Five birds to find in February (2024)

Red-breasted Merganser

by bird-watching |
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The last true winter month is a quick one, over before you know it. So, make the most of cold weather birding before the onrush of spring. Here are five great birds to brighten up any winter’s day.


Having returned to breed in the UK (in Suffolk) in the 1940s, the Avocet has gone from strength to strength, with about 2,000 pairs breeding (mainly coastally in eastern, southern and north-west England). Nearly 9,000 Avocets winter in the country (with many in south-west England). Unmistakable and beautiful, these elegant waders are always a pleasure to watch, whether feeding on foot or swimming, or in flight.

Red-breasted Merganser

Red-breasted Merganser
2MFM5EN Red-breasted Merganser (Mergus serrator), Loch Indaal, Isle of Islay, Scotland, April 2007

Of our three merganser species (the others are Goosander and Smew), the lovely RbM is the most marine, favouring inshore coastal waters and estuaries (but occasionally venturing inland). In all plumages, they have spiky crests and long, fine, upturned red bills (lacking an obvious hook, as seen on Goosander bills). The streaked brown (not really red) breast instantly distinguishes males from pale breasted Goosander drakes, but is hardly the most notable characteristic.

Lesser Redpoll

FERNRT Lesser Redpoll (Acanthis cabaret)

The smallest redpoll species (about Blue tit sized) is also easily the commonest encountered around most of the UK. Can be told from the larger Mealy (aka Common) Redpoll and Arctic Redpolls, by its small size and brown/buff plumage, including buffy wing-bars. Lesser Redpolls are feeders on tiny seeds, and have a great fondness for birches and Alders, and dangle acrobatically like tits to extract the seeds from the catkins. So, if you know where there are stands of these trees, start here.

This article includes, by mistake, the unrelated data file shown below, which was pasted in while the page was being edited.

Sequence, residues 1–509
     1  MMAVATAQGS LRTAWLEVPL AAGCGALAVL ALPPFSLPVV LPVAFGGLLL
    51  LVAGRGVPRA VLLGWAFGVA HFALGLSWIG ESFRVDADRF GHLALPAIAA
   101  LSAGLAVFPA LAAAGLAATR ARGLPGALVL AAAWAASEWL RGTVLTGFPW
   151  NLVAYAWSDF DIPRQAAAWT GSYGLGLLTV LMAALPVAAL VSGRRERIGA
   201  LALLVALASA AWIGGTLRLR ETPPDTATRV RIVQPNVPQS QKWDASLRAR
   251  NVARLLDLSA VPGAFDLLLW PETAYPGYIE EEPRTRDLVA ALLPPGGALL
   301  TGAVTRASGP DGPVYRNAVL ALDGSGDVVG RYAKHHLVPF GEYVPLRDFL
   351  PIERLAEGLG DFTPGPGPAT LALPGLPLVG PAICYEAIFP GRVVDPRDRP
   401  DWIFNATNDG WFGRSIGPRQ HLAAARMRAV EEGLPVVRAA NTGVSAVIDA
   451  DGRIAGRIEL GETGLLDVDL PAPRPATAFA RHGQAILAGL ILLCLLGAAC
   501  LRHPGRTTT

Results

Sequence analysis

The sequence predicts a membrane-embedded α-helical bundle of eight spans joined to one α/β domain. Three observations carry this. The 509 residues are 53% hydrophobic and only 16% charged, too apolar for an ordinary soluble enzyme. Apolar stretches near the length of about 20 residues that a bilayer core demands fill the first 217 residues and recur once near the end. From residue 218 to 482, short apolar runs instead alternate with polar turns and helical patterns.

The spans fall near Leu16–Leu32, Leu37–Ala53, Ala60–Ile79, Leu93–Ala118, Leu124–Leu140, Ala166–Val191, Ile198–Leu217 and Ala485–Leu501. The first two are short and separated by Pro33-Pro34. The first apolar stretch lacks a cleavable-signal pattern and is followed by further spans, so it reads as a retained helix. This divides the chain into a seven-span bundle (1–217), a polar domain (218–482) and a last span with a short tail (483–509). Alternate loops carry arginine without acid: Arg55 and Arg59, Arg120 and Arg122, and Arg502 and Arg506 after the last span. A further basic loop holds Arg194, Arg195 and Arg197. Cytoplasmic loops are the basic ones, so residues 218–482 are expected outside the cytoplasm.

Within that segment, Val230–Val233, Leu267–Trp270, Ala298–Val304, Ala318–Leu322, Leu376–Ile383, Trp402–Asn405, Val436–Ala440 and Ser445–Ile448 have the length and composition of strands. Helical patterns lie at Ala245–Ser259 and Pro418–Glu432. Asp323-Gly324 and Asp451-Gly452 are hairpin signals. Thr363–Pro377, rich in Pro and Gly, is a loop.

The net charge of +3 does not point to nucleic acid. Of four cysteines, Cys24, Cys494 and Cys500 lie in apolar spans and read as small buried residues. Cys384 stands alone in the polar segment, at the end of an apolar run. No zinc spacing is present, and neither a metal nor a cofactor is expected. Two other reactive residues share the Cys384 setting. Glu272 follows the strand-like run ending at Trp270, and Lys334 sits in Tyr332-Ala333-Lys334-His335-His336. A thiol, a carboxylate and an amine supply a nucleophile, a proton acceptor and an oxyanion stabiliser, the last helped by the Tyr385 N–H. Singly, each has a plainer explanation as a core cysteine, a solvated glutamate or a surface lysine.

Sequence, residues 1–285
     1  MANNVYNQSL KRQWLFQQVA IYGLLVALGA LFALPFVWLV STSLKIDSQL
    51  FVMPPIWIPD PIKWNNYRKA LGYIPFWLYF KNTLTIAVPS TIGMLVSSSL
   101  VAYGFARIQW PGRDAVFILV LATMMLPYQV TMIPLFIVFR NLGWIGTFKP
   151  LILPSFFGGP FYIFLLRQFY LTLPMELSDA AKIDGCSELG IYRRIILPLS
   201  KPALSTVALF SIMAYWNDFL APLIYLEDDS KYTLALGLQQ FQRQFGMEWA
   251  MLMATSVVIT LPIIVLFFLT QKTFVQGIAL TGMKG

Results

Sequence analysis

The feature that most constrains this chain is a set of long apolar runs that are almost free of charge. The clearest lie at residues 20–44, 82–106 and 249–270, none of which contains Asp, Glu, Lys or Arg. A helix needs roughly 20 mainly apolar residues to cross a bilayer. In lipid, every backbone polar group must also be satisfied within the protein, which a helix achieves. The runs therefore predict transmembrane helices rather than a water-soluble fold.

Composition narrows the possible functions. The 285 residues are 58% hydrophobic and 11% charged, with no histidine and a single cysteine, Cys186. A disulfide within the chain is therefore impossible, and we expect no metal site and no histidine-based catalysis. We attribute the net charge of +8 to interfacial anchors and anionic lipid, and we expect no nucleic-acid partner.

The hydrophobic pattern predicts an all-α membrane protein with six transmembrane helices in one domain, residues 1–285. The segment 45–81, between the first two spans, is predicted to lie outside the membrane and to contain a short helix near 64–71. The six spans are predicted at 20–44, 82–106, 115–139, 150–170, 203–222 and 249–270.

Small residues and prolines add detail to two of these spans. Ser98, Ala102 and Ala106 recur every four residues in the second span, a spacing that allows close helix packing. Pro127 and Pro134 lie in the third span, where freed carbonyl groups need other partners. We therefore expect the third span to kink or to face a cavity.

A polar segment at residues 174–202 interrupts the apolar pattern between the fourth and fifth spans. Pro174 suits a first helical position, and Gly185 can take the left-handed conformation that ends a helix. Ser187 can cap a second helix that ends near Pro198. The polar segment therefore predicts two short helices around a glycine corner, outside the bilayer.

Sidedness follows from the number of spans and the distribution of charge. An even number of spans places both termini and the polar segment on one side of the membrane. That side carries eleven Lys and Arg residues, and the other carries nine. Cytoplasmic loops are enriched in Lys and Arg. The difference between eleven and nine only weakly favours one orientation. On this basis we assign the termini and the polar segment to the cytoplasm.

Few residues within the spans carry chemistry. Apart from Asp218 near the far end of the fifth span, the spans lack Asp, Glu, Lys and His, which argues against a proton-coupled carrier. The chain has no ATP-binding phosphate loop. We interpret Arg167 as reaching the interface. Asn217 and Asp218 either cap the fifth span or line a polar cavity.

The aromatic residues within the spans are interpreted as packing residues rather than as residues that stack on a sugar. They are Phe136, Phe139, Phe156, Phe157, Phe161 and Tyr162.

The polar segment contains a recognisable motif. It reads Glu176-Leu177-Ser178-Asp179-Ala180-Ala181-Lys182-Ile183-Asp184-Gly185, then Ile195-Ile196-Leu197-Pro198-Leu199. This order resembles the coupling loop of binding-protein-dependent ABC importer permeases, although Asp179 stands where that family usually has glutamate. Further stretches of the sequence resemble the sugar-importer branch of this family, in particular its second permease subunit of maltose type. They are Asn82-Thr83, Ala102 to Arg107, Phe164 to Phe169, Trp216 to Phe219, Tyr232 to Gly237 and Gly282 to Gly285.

Marsh Harrier

These big, chunky wetland-loving harriers are familiar birds to many who live in East Anglia or some areas of south-west or north-west England. They are, though still pretty rare breeders, with only about 400 pairs breeding each year. A couple of decades ago, they were just about exclusively migratory birds, turning up in very early spring, and not wintering. These days, though, a large chunk of the population takes advantage of our milder modern winters. They are still probably best looked for near their breeding grounds, hunting over ditches and reedy fenland and similar habitats.

Short-eared Owl

D352TD Short Eared Owl (Asio flammeus), hunting over frosted grasses, Lincolnshire, England, UK, December

The owl equivalent of a harrier, Short-eared Owls are among our most familiar owl species, mainly because they are often seen hunting well before sun-down. The flight is buoyant on long slim wings, and given good views, you will note the piercing yellow irises. Very much a bird whose population follows boom and bust cycles; in good years, thousands will be present in the country. Try open, rough grassland areas.

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